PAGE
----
As a venture capitalist, Marc Andreessen spends much of his time listening to young entrepreneurs explain their plans to shape the future. As a parent, he’s helping his 8-year-old son prepare for what’s coming by teaching him how to use artificial intelligence.
Andreessen, a cofounder of the VC firm Andreessen Horowitz, said on an episode of the Joe Rogan Experience posted this week that he set his son up with ChatGPT on his laptop. Then he showed him how to use it to learn about the world.
“One of the fun things you can do with ChatGPT is you can say, ‘Explain X to me,’” he noted. “Then you can say, ‘Explain X to me as if I’m 15.’ And then you can do it as if I’m 10, then you can do as if I’m 5. It kind of works down to about age 3. So you can do, ‘Explain quantum mechanics to me like I’m a 3-year-old.’ And it will. And so I taught him how to do this. You can dial it up or down.”
What surprised him, he said, was the reaction of his son, who simply shrugged and replied, “Okay.”
“And I was like, ‘No, this is a big deal. They didn’t use to do this. Now it does this, and this is amazing,’” Andreessen said. His son’s response, he said, was, “Well it’s a computer. Of course you ask it questions and it gives you answers. What else is it for?”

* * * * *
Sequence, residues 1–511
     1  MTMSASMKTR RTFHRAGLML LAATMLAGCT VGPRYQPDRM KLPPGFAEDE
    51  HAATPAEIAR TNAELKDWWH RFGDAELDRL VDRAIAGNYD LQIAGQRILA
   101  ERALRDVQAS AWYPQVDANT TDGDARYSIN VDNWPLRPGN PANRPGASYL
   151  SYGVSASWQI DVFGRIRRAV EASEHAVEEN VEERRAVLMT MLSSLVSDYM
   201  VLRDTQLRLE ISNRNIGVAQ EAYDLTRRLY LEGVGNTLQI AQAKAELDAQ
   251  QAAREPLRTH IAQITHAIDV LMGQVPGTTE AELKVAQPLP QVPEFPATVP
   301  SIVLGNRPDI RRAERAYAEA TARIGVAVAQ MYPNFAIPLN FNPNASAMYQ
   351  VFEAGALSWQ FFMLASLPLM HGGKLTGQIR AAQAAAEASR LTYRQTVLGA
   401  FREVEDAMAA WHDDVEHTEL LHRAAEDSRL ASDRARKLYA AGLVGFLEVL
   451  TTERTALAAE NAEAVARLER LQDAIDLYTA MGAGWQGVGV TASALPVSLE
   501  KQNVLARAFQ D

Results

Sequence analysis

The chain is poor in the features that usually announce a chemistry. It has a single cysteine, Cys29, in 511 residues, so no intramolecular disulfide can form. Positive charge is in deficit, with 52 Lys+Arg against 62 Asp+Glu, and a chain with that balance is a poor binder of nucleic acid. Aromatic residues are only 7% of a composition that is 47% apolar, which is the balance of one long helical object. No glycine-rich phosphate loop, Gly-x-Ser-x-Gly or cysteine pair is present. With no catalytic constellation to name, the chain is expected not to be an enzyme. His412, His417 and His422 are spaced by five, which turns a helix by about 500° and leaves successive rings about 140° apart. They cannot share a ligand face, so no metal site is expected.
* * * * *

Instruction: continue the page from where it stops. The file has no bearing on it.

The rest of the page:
“Kids are gonna just have a totally different point of view on this,” Andreessen said. “It’s gonna be completely normal.”
A.I. as an ally
He also reflected on the fact that his child will grow up with A.I.—and vice versa.
“The A.I. that my 8-year-old is gonna have by the time he’s 20, it’s gonna have had 12 year of experience with him,” he said. “And so it will have grown up with him. It will know everything he’s ever done. It will know everything he ever did well. It will know everything he did that took real effort. It will know what he’s good at. It will know what he’s not good at. It’ll know how to teach him. It’ll know how to correct for whatever limitations he has. It’ll know how to maximize his strengths. It’ll know what he wants.”
When children who grow up with A.I. go to college or enter the workforce, “they’ll have an ally right with them,” Andreessen continued. “They’ll have basically a partner whose goal in life will be to make them as happy and satisfied and successful as possible.”
Andreessen has a rosier view on A.I. than detractors, some of whom fear it will destroy or somehow assume control of humanity. Last month, he wrote a much-discussed manifesto on why artificial intelligence won’t destroy humanity but rather make the world a profoundly better place. And on the Lex Fridman Podcast, he noted that with A.I. “your ability both to learn and to produce” is dramatically higher than in the past, advising young listeners to take advantage of that to stand out by becoming “hyper-productive people.”